PIRBHAI VISRAM FIRST LANDS IN LAMU, KENYA – 1897 (Part 1)
Pirbhai Visram fondly known as ‘Pirbhai Kaka” had submitted a settlement history of our community to the Secretariat of Africa Federation in 1953. His report covers four areas where he lived – Lamu (1897-1910), Tabora (1905-1909), Bukoba (1914-1945) and Kampala (1945-1953). His valuable contribution to the preservation of history of our community is deeply appreciated. We hereby submit his story, in three (3) parts:
Pirbhai Visram came to Africa at the age of 17. It was 1897 and Lamu was a major port on Eastern coast of Africa. He lived in Lamu for 5 years and the population of our community was 300. The main families in Lamu were: Dewji Jamal of Bhavnagar – whose main business was in Mumbai but the family members had travelled to Africa around 1880. They had branches in Zanzibar, Mombasa, Kismayu and Lamu. Kanji Hasanhi was from Jam Khambhalia and was known as such. They came to Lamu around 1885 and their descendants were Dewji Kanji, Daya Kanji, Panju Kanji, Shamji Kanji and Ramji Kanji. Each of the five brothers had his own business and they were 70 in total. Their main business was import and export and had dealings with Arabs and Indian traders upcountry and with whom they had developed mutual trust. The family of Hemraj Ladhani consisting of 40 individuals had moved in from Bagamoyo. They were four brothers: Rawji Hemraj, Abdulla Hemraj, Bandali Hemraj and Hasham Hemraj – each with his own business. They came to Lamu between 1880-1890 from Bagamoyo. They were originally from Kutch, India. Apart from businesses, they also owned farms.
The family of Jessa Bhimani had arrived from Jamnagar around 1880-1890. The main families among them were Nasser Jessa, Mohamed Jessa and Moti Jessa. Their main business was in the upcountry towns of Siyu and Faza from where they used to bring grain and foodstuff to Lamu.
The family of Bhimji Kanji of Dabasang arrived somewhere around 1880-1890 from Jamnagar, India. Their business was concentrated at a village called Pokomoni on Tana River. Two enterprising individuals in this family were Hassan Walji and Hirji Walji. The area of Pokomoni was inhabited by people with primitive customs. There were a lot of wild animals in this area. Tana River was full of crocodiles and we can envisage the adventurous nature of these two individuals who crossed this river on regular basis. Their bravery was indeed praiseworthy.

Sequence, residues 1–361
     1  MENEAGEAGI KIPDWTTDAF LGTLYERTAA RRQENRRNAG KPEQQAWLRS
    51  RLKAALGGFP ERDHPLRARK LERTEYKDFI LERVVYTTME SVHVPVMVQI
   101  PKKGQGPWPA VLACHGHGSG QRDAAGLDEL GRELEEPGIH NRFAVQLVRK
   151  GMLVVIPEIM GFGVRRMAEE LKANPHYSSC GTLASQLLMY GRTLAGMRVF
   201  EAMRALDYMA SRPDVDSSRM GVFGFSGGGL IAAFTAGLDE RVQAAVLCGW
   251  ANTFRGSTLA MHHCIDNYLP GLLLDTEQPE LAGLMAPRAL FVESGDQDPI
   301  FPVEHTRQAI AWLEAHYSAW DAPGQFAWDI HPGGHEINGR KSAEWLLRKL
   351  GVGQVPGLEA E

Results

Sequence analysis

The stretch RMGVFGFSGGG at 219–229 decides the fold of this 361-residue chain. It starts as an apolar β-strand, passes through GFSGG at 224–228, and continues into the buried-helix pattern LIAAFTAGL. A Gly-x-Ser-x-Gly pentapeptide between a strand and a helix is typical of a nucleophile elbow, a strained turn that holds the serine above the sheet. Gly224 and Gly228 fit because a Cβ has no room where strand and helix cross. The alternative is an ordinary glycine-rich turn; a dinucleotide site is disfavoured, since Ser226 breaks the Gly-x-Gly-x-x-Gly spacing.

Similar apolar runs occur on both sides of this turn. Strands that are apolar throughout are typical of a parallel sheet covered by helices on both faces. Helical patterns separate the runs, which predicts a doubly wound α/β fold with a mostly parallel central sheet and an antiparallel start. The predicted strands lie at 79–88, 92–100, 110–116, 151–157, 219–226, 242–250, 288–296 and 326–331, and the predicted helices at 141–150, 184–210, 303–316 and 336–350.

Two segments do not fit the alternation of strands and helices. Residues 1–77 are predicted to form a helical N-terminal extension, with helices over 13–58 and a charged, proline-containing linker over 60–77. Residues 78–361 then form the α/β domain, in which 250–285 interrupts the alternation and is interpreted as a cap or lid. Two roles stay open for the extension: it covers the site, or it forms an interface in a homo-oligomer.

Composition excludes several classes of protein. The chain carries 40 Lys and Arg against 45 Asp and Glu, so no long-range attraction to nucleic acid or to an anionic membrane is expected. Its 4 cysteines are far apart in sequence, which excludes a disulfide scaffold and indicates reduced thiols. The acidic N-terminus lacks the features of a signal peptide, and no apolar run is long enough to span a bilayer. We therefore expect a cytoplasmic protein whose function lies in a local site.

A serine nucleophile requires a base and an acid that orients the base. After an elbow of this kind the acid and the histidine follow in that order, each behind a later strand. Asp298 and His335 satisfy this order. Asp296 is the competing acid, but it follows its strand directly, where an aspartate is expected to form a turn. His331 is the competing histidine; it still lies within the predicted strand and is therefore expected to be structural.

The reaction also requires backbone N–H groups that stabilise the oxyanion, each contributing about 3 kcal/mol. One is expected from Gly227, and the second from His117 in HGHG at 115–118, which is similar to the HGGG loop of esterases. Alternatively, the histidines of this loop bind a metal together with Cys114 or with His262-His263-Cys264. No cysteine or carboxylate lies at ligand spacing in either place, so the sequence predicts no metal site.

The sixth family was of Dhanji Samji who arrived around 1885. Their business was at Mkunumbi, opposite the island of Lamu. In order to travel to Lamu, they had to go on foot or on mules after which they would travel by small canoes. Business was very good and was spread out to the surrounding area of Witu. There were 20 individuals in this family.
The three brothers Molu Ramji, Walji Ramji and Damji Ramji had also arrived during the same period. There were 20 individuals in this family, mainly dealing in Khanga and textiles. They were a farsighted and enterprising people. Instead of sitting at their shops waiting for customers, they would pack bundles of textiles and clothing and would go to their customers’ shops and homes in the countryside and deliver the merchandise. They became very prominent and successful in this business and this led them to be nicknamed “Chittilesso” dealing with special type of cotton cloth. The locals still know them by this nickname.